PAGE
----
How Thrush Is Diagnosed

Most of the time, healthcare providers can diagnose thrush by visually examining the mouth and throat. A condition most common in babies, older adults, and people with suppressed immune systems, thrush is caused by an overgrowth of a fungus called candida in the mouth and throat.

In some cases, however, a healthcare provider may need to take a sample from those areas and send it to a laboratory for testing. In more severe cases, when thrush has spread to the esophagus, a diagnostic procedure called endoscopy may be needed.

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At-Home Testing

Although it doesn't always cause symptoms, thrush can cause symptoms such as a white coating on the inside of the mouth and throat, a cottony sensation in the mouth, soreness, and/or loss of taste.

Certain self-checks are said to aid in diagnosis. However, there’s no scientific support for them. They include a practice called “the candida spit test,” which involves spitting into a clear glass of water immediately after waking. Proponents suggest that saliva that sinks to the bottom of the glass—or turns the surrounding water cloudy—may signal the presence of thrush, but this has not been scientifically proven to be a reliable test.

Lab Tests

Your healthcare provider may be able to diagnose thrush with a simple visual examination of your mouth and throat.

They may need to take a sample of one of the affected areas in your mouth (also known as lesions) for a microscopic examination. These samples typically involve a gentle, painless scraping.

Throat Culture

In some cases, healthcare providers may use a throat culture to help diagnose thrush. This procedure involves using a cotton swab to collect a sample from the back of the throat. While the swabbing of your throat may be briefly uncomfortable, it’s unlikely to cause pain.

The sample is sent to a laboratory, where it’s placed in a special environment to promote cell growth and analyzed.

Other Tests

Because certain underlying health issues, like diabetes or a weak immune system, can increase the risk of thrush, your healthcare provider may perform further testing to see if you have any risk factors.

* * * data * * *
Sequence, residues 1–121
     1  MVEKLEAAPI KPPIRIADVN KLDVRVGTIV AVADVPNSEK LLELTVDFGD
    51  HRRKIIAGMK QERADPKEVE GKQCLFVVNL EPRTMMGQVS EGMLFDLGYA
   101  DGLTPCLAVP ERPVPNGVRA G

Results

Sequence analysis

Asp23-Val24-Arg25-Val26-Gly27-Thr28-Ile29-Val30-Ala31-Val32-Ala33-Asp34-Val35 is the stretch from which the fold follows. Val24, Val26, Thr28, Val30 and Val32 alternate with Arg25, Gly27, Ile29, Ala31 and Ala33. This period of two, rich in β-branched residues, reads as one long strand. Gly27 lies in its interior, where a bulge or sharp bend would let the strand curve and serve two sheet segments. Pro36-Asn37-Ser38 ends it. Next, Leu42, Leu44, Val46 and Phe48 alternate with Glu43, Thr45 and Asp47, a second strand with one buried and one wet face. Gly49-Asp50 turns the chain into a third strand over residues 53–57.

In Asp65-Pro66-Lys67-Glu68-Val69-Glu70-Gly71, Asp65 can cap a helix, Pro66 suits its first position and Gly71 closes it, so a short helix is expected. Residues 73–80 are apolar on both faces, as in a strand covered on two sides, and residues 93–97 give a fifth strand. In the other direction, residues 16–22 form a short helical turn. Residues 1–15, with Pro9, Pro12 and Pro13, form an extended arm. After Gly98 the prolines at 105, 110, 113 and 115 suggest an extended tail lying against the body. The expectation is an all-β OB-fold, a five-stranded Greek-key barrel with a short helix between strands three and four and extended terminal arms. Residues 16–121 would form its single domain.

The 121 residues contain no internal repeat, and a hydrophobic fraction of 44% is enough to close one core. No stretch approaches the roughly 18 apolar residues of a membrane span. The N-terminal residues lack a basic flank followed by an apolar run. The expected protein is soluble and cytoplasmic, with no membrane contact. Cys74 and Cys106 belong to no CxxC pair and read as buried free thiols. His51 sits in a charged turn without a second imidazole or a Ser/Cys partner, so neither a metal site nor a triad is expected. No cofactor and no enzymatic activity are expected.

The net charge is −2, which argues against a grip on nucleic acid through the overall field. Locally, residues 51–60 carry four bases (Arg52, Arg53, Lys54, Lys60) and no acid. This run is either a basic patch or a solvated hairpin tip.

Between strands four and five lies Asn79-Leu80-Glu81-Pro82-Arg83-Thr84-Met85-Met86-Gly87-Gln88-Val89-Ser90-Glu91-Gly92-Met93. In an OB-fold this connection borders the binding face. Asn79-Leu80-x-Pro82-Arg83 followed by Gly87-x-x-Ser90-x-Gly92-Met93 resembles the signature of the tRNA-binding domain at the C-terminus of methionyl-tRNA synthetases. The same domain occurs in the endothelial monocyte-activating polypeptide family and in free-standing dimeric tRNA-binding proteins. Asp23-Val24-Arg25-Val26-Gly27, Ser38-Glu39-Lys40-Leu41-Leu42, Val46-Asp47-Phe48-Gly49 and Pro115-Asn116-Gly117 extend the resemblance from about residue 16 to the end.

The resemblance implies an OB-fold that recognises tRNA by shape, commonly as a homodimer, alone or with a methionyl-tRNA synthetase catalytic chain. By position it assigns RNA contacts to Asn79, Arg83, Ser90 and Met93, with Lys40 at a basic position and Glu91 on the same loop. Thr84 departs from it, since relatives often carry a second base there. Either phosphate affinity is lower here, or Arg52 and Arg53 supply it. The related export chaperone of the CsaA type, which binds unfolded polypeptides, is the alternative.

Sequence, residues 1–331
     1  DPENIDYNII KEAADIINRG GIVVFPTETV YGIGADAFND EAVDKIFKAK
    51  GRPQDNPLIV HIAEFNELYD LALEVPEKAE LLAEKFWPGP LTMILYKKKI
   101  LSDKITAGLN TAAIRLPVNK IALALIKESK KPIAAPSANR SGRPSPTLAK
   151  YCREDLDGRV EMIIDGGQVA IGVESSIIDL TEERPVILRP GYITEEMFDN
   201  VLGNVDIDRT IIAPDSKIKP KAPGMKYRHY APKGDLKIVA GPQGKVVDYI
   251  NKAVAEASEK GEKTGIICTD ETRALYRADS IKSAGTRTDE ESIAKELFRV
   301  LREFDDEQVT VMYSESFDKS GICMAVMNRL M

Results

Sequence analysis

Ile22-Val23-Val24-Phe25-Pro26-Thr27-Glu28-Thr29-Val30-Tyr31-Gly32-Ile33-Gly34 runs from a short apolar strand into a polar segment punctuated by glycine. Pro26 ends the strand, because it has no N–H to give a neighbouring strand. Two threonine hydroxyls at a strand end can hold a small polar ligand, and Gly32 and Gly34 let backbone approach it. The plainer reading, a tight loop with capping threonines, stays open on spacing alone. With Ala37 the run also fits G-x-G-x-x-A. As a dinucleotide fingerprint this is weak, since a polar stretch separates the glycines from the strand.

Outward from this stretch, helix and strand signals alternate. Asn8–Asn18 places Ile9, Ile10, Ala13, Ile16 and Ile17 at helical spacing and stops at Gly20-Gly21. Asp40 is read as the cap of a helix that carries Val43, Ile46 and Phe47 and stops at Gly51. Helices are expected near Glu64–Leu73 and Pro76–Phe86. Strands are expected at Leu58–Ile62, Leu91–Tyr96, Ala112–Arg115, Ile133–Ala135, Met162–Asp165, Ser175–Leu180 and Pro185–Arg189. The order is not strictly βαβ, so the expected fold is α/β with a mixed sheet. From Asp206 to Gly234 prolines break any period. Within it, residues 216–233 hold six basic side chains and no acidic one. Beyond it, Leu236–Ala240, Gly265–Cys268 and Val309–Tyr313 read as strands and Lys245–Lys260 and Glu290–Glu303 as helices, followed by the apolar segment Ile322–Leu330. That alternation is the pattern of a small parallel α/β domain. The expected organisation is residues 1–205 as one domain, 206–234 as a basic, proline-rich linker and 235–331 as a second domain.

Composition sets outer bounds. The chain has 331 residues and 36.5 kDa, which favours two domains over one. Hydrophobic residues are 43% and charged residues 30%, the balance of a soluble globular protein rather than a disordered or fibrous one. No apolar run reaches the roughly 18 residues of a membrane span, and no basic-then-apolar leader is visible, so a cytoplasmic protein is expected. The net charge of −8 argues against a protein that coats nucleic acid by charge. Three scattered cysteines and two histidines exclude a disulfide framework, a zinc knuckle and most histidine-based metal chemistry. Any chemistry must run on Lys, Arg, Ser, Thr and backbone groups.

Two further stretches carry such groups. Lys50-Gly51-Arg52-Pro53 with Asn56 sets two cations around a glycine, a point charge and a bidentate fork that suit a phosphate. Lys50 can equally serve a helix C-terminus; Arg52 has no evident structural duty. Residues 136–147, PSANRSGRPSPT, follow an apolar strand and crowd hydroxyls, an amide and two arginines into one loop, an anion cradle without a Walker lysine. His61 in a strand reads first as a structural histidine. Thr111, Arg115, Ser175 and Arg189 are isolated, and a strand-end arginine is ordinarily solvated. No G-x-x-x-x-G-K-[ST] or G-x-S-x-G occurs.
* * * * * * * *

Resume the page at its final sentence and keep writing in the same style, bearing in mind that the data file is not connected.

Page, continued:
Thrush Healthcare Provider Discussion Guide

Get our printable guide for your next doctor's appointment to help you ask the right questions.

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Imaging Tests

To diagnose thrush in the esophagus, healthcare providers use a diagnostic procedure called endoscopy. This is an invasive technique that involves examining the esophagus, stomach, and upper part of the small intestine with an endoscope: a flexible, lighted tube equipped with a camera at the end.

What to Expect

Often done by a gastroenterologist, endoscopy is generally performed in a hospital or an outpatient center. The procedure usually takes between 15 and 30 minutes.

To help you relax during your endoscopy, you’ll most likely receive a light sedative (often given through an intravenous needle in your arm). Since the sedatives administered prior to endoscopy take up to 24 hours to wear off, you’ll need to arrange for a ride home from the hospital or outpatient center.

For your endoscopy, you’ll lie on your side on an exam table while your healthcare provider passes the endoscope down your esophagus and into your stomach. During the procedure, the small camera at the end of the endoscope will transmit a video image to a monitor. This allows your healthcare provider to obtain a close examination of the lining of your upper GI tract.

At this time, your healthcare provider may also perform a biopsy (i.e., the removal of cells or tissue). If you have a biopsy, a pathologist will examine the sampled tissue to check for disease.

Some people experience symptoms such as bloating or nausea for a short time after an endoscopy. In addition, you may have a sore throat for one or two days.

Some results from your endoscopy may be available right away, and biopsy results will take a few days longer.

Potential Risks

While endoscopy is a safe procedure, it does carry the risk of the following complications:

  • Bleeding from the site where your healthcare provider took the tissue samples
  • Perforation in the lining of your upper GI tract